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Nova Scotia might soon have alcohol vending machines

Corey Yantha, a native of Dartmouth, Nova Scotia, is launching SmartServ, a vending machine to dispense beer and ready-made alcoholic drinks (with caution and hard limits on total consumption). The vending machines deploy technology that authenticates a person by scanning a photo ID combined with facial recognition.

To ensure that only legal drinking age consumers can purchase alcohol from vending machines, the machines only service after scanning a government-issued ID. Additionally, a facial scan is completed to verify that the picture on the ID matches the consumer’s face.

Yantha, the founder and CEO of Dispension Industries Inc., leads a team of 10 and collaborates with an engineering firm in Markham, Ontario. The target audience of these vending machines is not private places, but instead sports events and other public venues with large audiences that typically have long waiting lines for service.

Designed for efficiency, each SmartServ machine can store up to 360 cans and is engineered to open them automatically, completing transactions in under 45 seconds. Following government approval, Yantha plans to install these machines at the Scotiabank Centre and other venues.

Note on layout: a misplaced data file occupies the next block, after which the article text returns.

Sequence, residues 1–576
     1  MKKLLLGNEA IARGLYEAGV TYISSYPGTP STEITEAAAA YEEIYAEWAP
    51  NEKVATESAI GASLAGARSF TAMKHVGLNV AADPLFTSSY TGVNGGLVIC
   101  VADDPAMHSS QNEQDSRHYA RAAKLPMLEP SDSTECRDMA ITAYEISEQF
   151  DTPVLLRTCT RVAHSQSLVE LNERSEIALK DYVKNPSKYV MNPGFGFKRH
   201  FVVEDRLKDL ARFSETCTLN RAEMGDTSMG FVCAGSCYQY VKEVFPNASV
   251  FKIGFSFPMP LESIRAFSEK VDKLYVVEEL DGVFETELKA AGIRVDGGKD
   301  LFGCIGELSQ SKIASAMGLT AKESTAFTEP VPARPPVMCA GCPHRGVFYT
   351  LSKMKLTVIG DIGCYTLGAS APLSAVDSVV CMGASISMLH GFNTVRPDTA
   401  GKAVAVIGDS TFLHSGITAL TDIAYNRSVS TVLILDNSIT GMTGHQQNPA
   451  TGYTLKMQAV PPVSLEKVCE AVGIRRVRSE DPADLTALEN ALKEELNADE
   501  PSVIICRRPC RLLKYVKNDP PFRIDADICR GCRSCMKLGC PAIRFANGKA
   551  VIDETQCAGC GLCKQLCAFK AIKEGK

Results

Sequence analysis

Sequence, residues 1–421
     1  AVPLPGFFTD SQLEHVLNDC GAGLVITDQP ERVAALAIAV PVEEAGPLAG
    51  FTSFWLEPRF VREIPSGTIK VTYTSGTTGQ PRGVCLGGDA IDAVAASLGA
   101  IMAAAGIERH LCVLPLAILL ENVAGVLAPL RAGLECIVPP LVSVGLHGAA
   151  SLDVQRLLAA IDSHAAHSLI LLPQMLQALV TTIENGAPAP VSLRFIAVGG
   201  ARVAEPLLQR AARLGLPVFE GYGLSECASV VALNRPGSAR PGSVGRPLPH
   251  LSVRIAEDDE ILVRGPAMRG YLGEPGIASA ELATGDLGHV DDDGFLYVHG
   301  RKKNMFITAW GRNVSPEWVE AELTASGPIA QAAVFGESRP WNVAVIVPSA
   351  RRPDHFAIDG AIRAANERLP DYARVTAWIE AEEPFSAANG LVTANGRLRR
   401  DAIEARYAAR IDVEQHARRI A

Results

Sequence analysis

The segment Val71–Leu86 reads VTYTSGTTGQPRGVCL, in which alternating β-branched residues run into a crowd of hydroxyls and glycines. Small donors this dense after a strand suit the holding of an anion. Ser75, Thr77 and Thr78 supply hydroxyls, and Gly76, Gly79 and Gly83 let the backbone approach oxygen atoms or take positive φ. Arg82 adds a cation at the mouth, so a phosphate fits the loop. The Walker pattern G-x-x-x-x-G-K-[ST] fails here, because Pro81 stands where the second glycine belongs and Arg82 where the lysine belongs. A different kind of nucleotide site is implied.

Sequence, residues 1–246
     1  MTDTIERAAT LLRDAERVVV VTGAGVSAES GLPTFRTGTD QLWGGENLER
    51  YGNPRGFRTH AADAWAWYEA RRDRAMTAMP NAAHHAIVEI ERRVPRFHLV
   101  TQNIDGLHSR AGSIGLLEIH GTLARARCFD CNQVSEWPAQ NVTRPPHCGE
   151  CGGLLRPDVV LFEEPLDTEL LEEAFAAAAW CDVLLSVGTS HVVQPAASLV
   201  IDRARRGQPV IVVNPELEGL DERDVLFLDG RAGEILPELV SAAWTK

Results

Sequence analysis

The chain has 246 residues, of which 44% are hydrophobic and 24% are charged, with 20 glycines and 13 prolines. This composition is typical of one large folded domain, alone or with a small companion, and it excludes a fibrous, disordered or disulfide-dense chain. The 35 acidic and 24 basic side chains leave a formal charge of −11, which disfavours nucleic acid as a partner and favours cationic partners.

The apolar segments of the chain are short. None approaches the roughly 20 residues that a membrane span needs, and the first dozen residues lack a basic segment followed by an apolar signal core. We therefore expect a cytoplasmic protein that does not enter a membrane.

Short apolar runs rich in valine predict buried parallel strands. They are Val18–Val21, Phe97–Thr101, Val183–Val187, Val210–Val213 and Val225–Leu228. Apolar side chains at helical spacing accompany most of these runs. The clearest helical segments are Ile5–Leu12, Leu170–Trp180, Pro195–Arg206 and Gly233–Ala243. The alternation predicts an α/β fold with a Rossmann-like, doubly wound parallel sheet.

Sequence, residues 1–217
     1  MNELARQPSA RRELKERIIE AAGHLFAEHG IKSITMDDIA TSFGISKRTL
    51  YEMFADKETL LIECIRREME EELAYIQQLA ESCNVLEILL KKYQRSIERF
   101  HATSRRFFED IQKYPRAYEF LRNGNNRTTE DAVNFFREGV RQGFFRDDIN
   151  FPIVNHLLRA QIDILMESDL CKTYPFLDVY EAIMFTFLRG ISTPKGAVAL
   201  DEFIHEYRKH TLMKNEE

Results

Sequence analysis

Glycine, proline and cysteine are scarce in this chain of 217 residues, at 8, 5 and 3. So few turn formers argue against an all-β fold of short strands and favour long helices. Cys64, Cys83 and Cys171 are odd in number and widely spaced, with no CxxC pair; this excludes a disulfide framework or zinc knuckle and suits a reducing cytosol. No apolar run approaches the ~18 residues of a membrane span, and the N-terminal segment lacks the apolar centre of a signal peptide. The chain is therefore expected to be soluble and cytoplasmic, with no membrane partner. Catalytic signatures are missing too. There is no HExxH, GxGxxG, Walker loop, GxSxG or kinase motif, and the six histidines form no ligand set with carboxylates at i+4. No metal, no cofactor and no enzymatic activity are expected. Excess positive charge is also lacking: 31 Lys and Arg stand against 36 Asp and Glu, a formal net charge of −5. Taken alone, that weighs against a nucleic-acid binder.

According to the N.S. Alcohol and Gaming Department, further consultations and a regulatory review would be considered before any broader implementation of these machines. These machines might need to have dedicated staff to ensure that they are not serving minors.

Andrew Tanner, president of the Craft Brewers Association of Nova Scotia, welcomes the invention and feels that this innovation will be helpful for the local beer industry as the machines could be applied at larger venues, or public areas with large waiting lines.

SmartServ tested their vending machines at a 2022 MLB All-Star game in Los Angeles and had great success. Yantha confirms that the vending machines are ready to be deployed in Nova Scotia after testing is fully completed and any imperfections are resolved.